The cathedral became property of the State and was targeted again and again by vandalism. The statues biblical Kings were beheaded, because the people mistook them for French Kings. The statues of the portals, with the exception of that of the Virgin, were destroyed. Then Notre-Dame was dedicated to the Cult of Reason and her altar transformed into one of the goddess of Reason. As later on, all Catholic worship was banned in Paris, Notre-Dame was turned into a warehouse and suffered more damage during it. A lot of the cathedrals bells were taken down and melted during those days. Luckily, Emmanuel survived the Revolution and still sounds today.
Thanks to Victor Hugo’s book Notre-Dame de Paris, which you might know as The Hunchback of Notre-Dame, the old cathedral was saved pretty much last-minute from being taken down. As Napoleon rose, Notre-Dame was reinstalled as a place of worship and some renovations were made to pretty everything up in order for Napoleon to crown himself Emperor at Notre-Dame… but it was by far not enough. The whole building was in a desperate state due to years of neglect.
Victor Hugo was an admirer of Notre-Dame and his book, published in 1831, made the majority of the people aware what a historic side their Lady was… and what a shame it was that she was vandalised again and again. During the French Revolution of 1830, the south rose window was seriously damaged by the burning of the next-door residence of the archbishop and the sacristy had been plundered. The people needed a little reminder what important events had taken place at Notre-Dame… and they are countless. Apart from the above mentioned ones, Élisabeth de France was married there by proxy to the King of Spain in 1559, Henri IV celebrated the taking of Paris from the League there, Turenne became a Catholic at Notre-Dame, people condemned to death, like the Marquise de Brinvilliers, were brought to the portals of Notre-Dame to ask forgiveness for their crimes, Napoleon did not just crown himself there, but also celebrated the baptism of his son, Napoleon II, there. A bit later, Napoleon III married Eugénie de Montijo there… and that is just a few events that took place at Notre-Dame.
In 1844 Louis-Philippe declared that Notre-Dame would be restored to glory. The plans of Jean-Baptiste-Antoine Lassus and Eugène Viollet-le-Duc seemed to be the best. Those two created the Notre-Dame we know…. knew…
As part of the work done at the church, the spire was reconstructed. The original spire, probably built between 1220 and 1230, was taken down way earlier already, in 1786, due to fear it might fall. By that time, it was so badly weathered and damaged that it could not be saved. The new spire was a lead-covered construction of oak, guarded by statues of the 12 apostles, all turned towards Paris… apart from Saint Thomas, who suspiciously looks like Viollet-le-Duc. Saint Thomas, patron of architects, faces the spire.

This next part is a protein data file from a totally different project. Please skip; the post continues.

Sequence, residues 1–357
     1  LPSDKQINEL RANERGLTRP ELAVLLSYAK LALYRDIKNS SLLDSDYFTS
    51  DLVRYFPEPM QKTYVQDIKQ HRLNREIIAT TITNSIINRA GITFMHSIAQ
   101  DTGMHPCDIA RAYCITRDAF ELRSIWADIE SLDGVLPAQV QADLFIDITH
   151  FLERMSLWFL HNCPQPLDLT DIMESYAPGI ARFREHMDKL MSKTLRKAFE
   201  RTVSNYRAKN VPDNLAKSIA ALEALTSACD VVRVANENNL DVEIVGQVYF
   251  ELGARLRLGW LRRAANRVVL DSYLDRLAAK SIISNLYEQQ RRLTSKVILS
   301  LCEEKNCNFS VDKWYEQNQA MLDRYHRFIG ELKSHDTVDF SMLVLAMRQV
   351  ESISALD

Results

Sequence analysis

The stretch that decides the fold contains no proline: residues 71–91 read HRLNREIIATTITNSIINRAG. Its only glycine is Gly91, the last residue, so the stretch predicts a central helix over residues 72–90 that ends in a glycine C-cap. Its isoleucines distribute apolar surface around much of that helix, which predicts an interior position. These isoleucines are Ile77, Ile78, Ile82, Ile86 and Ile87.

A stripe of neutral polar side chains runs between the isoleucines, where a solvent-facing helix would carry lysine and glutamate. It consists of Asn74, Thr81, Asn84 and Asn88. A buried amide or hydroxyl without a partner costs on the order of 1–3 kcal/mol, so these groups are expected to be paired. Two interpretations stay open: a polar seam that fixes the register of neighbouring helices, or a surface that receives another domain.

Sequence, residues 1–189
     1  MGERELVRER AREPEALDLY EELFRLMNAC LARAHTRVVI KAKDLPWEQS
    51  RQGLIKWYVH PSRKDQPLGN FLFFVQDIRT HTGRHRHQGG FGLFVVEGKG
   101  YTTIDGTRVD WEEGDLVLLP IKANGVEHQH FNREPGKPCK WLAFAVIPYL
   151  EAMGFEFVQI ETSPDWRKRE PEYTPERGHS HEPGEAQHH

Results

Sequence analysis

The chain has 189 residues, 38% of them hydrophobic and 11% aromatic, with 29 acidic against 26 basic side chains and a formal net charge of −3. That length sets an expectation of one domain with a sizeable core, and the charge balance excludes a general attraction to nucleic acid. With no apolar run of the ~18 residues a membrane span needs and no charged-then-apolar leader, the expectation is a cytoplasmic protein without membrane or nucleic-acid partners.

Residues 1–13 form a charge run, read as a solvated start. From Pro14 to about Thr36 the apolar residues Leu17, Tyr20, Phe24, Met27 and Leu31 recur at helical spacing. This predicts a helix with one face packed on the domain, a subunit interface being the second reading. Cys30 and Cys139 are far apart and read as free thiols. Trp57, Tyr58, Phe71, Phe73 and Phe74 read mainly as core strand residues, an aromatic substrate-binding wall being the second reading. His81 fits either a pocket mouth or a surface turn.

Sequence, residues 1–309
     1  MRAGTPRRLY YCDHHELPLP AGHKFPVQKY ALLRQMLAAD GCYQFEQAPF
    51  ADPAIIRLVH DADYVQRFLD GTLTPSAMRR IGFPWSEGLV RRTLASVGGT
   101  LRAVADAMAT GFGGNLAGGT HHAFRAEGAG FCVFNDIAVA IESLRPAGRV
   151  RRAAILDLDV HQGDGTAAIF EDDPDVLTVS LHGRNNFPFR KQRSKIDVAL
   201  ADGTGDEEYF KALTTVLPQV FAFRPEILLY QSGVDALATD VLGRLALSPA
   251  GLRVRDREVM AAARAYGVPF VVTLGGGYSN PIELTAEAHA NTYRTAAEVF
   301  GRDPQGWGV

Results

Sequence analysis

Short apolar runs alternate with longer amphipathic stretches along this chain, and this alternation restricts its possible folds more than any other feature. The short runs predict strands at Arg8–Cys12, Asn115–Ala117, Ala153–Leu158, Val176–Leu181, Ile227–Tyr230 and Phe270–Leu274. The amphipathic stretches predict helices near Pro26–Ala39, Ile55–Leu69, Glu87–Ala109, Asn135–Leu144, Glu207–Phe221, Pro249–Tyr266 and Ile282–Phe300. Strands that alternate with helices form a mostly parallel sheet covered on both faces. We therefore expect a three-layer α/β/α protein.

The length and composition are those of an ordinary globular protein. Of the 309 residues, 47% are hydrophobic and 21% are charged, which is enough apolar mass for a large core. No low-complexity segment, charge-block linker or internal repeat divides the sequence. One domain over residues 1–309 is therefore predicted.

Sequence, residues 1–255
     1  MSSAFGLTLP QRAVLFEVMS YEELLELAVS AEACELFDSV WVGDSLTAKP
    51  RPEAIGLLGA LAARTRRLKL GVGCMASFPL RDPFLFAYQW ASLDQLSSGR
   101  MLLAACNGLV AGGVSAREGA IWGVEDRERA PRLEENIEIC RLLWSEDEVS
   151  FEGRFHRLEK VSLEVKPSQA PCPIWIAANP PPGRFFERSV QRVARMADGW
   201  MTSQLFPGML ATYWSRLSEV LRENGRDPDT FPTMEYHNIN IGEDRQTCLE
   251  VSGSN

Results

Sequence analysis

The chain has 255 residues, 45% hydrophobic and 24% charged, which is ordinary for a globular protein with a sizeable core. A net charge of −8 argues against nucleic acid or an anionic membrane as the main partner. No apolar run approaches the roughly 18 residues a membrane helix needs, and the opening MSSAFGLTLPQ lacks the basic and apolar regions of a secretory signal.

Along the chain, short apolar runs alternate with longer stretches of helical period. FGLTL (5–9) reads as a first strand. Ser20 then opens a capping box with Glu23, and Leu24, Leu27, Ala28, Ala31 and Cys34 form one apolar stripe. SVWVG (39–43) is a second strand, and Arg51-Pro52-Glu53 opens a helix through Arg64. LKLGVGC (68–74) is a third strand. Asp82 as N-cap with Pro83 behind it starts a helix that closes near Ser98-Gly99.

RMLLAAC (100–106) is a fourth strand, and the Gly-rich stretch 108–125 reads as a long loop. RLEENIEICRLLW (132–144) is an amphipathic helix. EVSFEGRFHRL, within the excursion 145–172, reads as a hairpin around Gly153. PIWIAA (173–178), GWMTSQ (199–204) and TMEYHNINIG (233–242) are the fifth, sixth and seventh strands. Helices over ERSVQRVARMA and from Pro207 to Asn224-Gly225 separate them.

The Galerie des Chimères was redone too. In the 18th century, many of the original gargoyles started to crumble and fell down some 60 metres… since that was very dangerous, a lot of them were removed. They are not just decorative, but have an actual purpose: they are (were) rain spouts. The rain water is (was) led to them over series of lead canals on the roof and the gargoyles sprout the water as far as possible away from the walls. A lot changed at Notre-Dame during those days. Collapsed walls were renewed, the southern rose slightly moved and repaired, decorations replaced and recreated… not always as they were before… the portals were repaired and the area in front of the church cleared.
Notre-Dame burned shortly after the renovations were finished. In 1871, rioters set fire to some benched and chairs, but the fire was put out in a swift without causing much damage.
The two World Wars did not cause much damage to Notre-Dame either… but pollution became a serious problem, causing erosion of the whole exterior and a discoloring of the stones. The famous gargoyles and turrets began, by the end of the 1980s, to crumble again and some of them had to be taken down. The spire was in no good condition either anymore. New renovations began at the start of the 1990s and they were not yet finished on 15 April 2019, as we all stared at our TVs and watched what we thought to be the end of 850 years of history.
Now, I won’t lament the fire here… partly because I still can’t believe what I saw, partly because I do not know what to say. I’m relieved the worst was avoided. I applaud the firefighters of Paris and the 12th century craftsmanship, parts of the latter, like the Forest, are gone… the vault they built saved much of Notre-Dame and also the high altar. I have no doubt that Our Lady will shine again and how long it takes to make her shine again, doesn’t really matter, does it? She means a lot of different things to a lot of different people and if she means something to you, which I presume she does since you read this, consider to make a small contribution to help her shine again… I made a contribution, not much, because I don’t have much, but maybe enough to clean a stone or two. It’s not about religion or politics, it’s about preserving our past, the efforts of those before us, and adding our own efforts, so the people of the future my look at her.